Sun, 14 April 2024
The Daily Ittefaq

Baltimore bridge collapse: Maryland seeks millions in aid

Update : 29 Mar 2024, 10:46

The US government on Thursday released an initial $60 million (€55.6 million) in emergency funds to the state of Maryland to help clear debris and begin rebuilding the collapsed of the Francis Scott Key Bridge in Baltimore.

Maryland Governor Wes Moore had earlier requested $60 million in emergency federal funding, and within hours his request was approved.

"Government is working hand in hand with industry to investigate the area, including the wreck, and remove the ship," Moore said.

The Democratic governor said the emergency funding was needed to "lay the foundation for a rapid recovery."

'Long road ahead' for Baltimore's port

The Baltimore bridge collapsed into the Patapsco River in the early hours of Tuesday when it was hit by a large container ship. Six people, who had been working on the bridge at the time fixing potholes, were killed in the collapse. Two bodies have been recovered from the water and two survivors were rescued.  

President Joe Biden has vowed that the rebuilding of the bridge will be paid for entirely with federal funding.

But before that, there is still the massive work of removing the cargo ship, recovering the debris from the collapse and finding the four remaining bodies.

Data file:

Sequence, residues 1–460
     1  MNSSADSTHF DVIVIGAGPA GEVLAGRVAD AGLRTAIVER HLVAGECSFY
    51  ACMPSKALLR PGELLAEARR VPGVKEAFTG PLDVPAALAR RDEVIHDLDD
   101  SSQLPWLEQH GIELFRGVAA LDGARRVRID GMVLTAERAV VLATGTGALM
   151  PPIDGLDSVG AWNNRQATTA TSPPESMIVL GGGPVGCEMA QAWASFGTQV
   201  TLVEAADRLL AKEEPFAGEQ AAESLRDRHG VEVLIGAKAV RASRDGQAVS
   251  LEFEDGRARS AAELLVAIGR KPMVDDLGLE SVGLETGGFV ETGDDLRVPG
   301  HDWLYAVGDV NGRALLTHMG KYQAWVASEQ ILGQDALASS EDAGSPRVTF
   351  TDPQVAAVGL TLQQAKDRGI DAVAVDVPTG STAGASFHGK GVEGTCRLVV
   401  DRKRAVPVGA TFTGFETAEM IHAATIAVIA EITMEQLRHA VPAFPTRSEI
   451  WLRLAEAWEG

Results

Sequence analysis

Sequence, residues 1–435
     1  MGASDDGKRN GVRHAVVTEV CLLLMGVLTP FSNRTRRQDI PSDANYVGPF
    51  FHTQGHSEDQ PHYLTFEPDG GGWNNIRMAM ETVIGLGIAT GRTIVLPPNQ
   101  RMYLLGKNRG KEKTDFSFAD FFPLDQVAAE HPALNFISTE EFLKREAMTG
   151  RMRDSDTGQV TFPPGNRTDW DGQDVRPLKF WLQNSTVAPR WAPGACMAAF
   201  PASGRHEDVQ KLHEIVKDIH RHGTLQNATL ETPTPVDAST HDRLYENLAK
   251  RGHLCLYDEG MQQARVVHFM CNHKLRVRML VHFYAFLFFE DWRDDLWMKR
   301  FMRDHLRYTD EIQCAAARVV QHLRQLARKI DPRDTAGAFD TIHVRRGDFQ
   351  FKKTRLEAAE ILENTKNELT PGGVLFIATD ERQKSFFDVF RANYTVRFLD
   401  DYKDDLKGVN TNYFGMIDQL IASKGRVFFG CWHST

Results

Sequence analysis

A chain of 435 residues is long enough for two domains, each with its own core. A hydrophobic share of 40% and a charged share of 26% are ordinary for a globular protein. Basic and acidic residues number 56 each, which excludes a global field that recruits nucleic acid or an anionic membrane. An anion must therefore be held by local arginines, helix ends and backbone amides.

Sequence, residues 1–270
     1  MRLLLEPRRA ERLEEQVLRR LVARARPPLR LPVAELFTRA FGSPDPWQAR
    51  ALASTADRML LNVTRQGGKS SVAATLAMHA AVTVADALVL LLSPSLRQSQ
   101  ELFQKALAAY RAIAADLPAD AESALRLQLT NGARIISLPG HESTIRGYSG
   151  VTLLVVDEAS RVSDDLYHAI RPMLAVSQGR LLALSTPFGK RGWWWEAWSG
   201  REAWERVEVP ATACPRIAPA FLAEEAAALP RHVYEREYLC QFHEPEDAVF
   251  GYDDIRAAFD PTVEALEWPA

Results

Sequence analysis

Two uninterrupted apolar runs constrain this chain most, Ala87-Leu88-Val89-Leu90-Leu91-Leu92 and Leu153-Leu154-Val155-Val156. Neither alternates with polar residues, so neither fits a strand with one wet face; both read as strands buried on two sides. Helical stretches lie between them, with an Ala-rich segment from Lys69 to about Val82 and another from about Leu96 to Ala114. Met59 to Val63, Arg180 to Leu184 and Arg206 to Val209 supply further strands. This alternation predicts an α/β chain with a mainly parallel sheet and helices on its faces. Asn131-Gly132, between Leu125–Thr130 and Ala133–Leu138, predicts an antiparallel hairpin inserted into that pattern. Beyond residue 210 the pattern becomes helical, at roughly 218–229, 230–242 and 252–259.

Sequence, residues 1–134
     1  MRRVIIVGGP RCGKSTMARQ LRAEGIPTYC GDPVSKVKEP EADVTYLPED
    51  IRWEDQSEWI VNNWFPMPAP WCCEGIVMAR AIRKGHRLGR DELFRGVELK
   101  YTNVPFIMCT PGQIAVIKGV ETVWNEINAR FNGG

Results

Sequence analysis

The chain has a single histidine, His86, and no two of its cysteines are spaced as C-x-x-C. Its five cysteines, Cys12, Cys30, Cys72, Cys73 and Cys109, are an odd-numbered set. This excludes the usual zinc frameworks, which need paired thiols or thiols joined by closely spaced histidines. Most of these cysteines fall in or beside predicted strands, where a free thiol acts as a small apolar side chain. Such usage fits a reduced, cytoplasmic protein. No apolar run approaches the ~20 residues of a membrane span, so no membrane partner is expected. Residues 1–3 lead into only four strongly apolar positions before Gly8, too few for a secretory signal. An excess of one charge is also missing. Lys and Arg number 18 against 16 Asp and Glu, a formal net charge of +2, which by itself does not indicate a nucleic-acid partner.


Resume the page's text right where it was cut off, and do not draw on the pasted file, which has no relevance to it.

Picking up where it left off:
"This work is not going to take hours. This work is not going to take days. This work is not going to take weeks," Moore said. "We have a very long road ahead of us."

The request for $60 million was made to the Federal Highway Administration and is meant to supplement money provided by other agencies for the initial response operations.

Massive insurance claims expected

The collapse of the bridge is also expected to result in record-breaking insurance payouts. Insurance giant Lloyd's of London said it was "potentially the largest-ever marine insured loss."

Lloyd's chairman Bruce Carnegie-Brown told broadcaster CNBC that insurance claims would be made for the bridge, the ship and its cargo, but the real substantial claims would come from the accumulation of "second-order impacts."

"A lot of business is going to be interrupted," he said, with ships unable to enter parts of the port and some ships trapped behind the debris. 

Transportation Secretary Pete Buttigieg said the port was the biggest entry point for vehicles into the US, including cars and heavy farm equipment, with a value of around $100 to $200 million passing through every day.

Governor Moore has warned that on top of the port workers who will be impacted by the disruption, more than 140,000 people could also be indirectly affected as the local economy takes a hit.

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